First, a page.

The reforms that led to the establishment of juvenile courts also had other influences. One impact was a gradual widening of the juvenile court’s mandate to include intervention for criminal activity, dependency, and neglect, as well as status offenses such as curfew violation and incorrigibility. A second area of change involved the development of new institutions for handling youths who needed to be removed from their families. These institutions closely followed the family/cottage model used throughout the late 1800s, with the greatest distinction being administration by the juvenile court. Third, the court relied on fulltime, paid probation officers. A final major movement was the institution of court-affiliated guidance clinics. These clinics relied on the emerging psychological and sociological explanations for behavior. Central to these explanations was the need for the expert examination of each juvenile in order to identify the unique factors contributing to the individual’s behavior.
The Legal Philosophy of the New System
Perhaps the greatest challenge to the growth of juvenile justice entailed debate over the philosophy of the court and the question of a juvenile’s constitutional rights. Critics of the court and earlier interventions often claimed that the state was subjecting juveniles to intervention without regard to their rights and those of the family. In many instances, the state was forcibly removing a youth from his or her parents’ custody. These new interventions were viewed as an abrogation of the family’s position in society. However, the problems of constitutional rights and the new juvenile justice system were deemed inconsequential compared to the possible benefits that could accrue from intervention. Indeed, the state relied on the doctrine of parens patriae, or the state as parent, for justification of its position.
The case Ex parte Crouse (1838) stated that the Bill of Rights did not apply to youths and argued that the public’s interest in the education of its members gave it the right to intervene despite the wishes of the parents. In essence, the state could intervene, regardless of the reason, if it found that the child was in need of help or assistance that the parents and family could not or would not provide. This belief in the court’s right to intervene at any time, providing the goal was to help the youth, remained largely unchallenged until the late 1960s.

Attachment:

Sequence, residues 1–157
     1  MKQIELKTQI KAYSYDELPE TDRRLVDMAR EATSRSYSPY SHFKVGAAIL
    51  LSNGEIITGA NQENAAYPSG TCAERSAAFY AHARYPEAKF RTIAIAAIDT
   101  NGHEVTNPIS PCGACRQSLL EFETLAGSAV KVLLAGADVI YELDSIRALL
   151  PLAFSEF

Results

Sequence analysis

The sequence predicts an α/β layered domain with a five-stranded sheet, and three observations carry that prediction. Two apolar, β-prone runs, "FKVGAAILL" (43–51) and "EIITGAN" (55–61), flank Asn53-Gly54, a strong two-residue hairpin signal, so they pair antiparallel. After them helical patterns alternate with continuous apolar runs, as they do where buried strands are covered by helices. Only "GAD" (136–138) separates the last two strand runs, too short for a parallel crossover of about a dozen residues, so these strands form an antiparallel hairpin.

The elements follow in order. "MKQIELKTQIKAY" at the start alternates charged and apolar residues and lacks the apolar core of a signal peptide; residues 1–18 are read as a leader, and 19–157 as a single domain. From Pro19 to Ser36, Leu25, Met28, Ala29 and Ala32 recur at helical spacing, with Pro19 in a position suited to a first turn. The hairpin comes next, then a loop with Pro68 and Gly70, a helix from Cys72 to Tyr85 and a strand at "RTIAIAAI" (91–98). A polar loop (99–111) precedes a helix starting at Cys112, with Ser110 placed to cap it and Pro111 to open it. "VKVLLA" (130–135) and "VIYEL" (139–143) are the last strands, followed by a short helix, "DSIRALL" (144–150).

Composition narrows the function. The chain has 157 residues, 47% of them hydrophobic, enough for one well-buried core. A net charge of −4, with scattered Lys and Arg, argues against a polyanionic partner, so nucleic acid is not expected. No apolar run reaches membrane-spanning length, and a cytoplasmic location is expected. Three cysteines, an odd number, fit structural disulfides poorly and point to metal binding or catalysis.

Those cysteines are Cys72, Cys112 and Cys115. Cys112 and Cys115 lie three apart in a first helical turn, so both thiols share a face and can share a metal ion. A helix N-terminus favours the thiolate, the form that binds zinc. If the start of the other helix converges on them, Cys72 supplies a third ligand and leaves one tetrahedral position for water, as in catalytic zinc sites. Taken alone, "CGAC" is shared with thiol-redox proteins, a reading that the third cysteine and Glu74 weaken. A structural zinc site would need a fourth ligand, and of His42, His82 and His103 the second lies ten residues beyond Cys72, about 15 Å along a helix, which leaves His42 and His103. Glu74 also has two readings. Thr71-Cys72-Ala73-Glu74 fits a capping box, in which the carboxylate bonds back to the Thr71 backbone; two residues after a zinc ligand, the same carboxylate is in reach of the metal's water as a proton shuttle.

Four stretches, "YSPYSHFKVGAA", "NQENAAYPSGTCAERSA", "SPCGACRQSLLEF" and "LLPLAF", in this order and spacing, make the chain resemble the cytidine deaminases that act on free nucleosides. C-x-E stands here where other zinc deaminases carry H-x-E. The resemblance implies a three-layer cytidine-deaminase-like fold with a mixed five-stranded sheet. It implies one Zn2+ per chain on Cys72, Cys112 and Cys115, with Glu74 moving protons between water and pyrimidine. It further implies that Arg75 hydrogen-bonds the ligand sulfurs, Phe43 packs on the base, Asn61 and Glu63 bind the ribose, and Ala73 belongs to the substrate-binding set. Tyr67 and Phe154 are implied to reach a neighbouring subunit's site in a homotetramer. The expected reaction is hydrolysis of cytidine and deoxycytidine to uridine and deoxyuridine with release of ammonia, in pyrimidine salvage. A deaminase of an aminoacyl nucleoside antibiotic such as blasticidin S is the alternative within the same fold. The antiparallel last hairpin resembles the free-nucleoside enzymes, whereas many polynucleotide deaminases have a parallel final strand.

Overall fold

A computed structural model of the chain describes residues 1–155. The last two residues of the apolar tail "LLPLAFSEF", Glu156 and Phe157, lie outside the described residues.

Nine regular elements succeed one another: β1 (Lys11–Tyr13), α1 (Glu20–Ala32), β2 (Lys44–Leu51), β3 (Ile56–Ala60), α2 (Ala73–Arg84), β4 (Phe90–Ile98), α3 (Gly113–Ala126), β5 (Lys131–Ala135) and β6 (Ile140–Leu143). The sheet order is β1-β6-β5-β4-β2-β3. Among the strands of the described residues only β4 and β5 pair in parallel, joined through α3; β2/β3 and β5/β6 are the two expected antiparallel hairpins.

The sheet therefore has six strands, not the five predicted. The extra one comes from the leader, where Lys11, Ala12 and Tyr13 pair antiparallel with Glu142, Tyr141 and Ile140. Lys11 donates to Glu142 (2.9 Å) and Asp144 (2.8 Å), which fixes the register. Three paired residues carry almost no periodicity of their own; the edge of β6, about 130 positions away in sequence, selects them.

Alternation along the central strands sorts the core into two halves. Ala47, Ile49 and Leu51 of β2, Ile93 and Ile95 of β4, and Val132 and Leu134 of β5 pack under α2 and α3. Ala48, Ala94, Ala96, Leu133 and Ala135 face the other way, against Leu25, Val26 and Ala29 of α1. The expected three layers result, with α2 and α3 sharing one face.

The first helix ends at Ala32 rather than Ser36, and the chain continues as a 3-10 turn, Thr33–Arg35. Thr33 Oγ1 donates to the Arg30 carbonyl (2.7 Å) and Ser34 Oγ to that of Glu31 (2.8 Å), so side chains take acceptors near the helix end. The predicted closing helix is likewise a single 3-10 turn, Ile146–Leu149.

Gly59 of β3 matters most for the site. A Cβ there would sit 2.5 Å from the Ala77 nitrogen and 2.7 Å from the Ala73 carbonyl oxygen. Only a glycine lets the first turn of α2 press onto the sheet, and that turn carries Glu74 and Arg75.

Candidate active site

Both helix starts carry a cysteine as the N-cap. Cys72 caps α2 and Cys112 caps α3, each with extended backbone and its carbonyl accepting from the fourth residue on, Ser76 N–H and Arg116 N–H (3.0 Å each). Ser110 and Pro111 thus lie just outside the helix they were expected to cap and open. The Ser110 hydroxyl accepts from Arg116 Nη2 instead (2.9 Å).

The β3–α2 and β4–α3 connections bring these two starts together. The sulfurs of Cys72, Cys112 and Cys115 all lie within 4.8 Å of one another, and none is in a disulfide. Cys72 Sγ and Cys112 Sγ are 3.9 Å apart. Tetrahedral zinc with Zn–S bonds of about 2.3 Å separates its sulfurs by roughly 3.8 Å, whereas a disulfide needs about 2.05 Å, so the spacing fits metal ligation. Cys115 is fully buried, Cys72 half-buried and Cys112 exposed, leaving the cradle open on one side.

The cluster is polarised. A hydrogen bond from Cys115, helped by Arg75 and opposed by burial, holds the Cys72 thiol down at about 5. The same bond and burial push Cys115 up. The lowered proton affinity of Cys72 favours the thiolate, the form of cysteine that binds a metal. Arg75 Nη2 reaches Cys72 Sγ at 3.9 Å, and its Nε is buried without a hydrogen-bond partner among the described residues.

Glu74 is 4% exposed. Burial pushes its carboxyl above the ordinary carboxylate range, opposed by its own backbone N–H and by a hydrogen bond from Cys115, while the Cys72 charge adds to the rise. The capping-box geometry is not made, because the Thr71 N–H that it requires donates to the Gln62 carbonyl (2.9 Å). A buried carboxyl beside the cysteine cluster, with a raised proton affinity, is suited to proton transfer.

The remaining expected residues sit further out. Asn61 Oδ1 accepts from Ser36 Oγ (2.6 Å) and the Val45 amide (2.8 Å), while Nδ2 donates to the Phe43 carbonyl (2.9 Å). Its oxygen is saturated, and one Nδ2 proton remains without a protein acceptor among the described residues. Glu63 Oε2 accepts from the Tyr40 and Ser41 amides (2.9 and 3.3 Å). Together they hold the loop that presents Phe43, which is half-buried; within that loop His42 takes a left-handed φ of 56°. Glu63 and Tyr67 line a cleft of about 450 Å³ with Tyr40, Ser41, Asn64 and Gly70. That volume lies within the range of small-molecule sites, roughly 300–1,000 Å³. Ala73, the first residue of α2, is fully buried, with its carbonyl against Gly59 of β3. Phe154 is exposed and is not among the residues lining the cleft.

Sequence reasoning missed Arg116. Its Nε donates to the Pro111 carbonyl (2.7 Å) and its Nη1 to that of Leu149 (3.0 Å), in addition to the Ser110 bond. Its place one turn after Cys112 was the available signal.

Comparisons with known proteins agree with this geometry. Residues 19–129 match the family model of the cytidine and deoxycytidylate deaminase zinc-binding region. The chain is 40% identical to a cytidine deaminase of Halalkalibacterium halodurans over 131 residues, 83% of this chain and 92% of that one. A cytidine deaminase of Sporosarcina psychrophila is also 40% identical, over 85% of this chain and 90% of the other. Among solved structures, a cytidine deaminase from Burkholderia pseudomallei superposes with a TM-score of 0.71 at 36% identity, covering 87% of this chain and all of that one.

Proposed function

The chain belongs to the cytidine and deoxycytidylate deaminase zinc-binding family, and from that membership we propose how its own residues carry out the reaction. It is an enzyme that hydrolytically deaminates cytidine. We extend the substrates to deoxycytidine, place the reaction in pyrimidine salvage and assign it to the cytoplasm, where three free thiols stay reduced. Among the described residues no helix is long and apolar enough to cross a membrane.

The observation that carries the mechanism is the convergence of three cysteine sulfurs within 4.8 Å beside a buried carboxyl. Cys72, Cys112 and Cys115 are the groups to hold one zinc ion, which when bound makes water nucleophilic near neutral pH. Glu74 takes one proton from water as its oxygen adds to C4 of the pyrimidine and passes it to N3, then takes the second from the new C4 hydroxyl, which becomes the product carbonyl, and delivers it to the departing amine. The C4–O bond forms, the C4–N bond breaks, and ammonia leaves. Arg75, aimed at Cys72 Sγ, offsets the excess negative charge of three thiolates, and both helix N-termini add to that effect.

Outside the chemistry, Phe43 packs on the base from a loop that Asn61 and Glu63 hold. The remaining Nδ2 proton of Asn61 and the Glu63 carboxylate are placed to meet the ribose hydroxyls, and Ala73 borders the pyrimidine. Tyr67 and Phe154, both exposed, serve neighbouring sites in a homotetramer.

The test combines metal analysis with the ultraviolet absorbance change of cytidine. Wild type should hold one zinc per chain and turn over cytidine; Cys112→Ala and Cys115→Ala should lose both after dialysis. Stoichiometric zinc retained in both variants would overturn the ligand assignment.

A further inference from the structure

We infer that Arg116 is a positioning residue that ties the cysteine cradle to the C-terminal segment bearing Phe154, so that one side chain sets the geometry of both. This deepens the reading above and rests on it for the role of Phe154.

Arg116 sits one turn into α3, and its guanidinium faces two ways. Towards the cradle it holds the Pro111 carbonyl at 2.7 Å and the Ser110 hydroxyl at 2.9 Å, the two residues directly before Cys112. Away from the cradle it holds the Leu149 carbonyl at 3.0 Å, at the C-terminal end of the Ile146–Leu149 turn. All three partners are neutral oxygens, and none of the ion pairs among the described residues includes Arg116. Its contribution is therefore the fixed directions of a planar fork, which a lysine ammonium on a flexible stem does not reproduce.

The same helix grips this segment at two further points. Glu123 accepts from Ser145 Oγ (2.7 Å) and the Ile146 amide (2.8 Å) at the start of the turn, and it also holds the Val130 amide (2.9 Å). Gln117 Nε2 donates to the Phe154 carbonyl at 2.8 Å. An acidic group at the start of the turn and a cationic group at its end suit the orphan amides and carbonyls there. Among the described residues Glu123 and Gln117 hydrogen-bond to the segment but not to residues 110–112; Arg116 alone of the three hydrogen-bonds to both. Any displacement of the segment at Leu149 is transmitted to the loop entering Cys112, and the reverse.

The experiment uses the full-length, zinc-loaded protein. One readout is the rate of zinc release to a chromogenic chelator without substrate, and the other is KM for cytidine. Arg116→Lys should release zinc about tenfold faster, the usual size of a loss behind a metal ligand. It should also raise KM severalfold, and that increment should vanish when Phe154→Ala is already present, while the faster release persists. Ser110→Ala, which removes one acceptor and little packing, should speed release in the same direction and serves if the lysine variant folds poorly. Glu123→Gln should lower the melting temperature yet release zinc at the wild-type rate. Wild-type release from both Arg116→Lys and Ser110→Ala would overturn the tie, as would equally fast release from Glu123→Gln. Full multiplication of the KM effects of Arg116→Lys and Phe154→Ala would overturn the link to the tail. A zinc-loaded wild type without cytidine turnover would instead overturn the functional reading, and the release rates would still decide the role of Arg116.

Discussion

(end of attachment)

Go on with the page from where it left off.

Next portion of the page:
Challenges to the parens patriae doctrine through a growing number of court cases in the late 1960s and early 1970s were signals of major changes in society’s approach to both juvenile misbehavior and adult criminality. Cases including In re Gault (1967), In re Winship (1970), Kent v. United States (1966), and McKeiver v. Pennsylvania (1971) challenged the good intentions of the juvenile court and introduced the need for providing some constitutional due process protections to youths. In addition, the strong reliance on and belief in rehabilitation and treatment that dominated throughout the 20th century were joined by retribution, just deserts, and deterrence in the juvenile justice system.
Despite these changes, parens patriae remains the key philosophy underlying juvenile courts in the United States. This is illustrated in an inspection of the “purpose clauses” for juvenile courts found in state statutes. There are five general categories of juvenile court purpose clauses—Balanced and Restorative Justice clauses; Standard Juvenile Court Act clauses; Legislative Guide clauses; Punishment, Deterrence, Accountability, and Public Safety clauses; and Traditional Child Welfare clauses (Griffin, Szymanski, & King, 2006). In only 1 of the 5 categories (Punishment, Deterrence) is parens patriae largely excluded and the emphasis shifted to an adult court/criminal law orientation for the juvenile court. The other four categories maintain parens patriae as at least a key component (if not directly named) in addressing problem youths.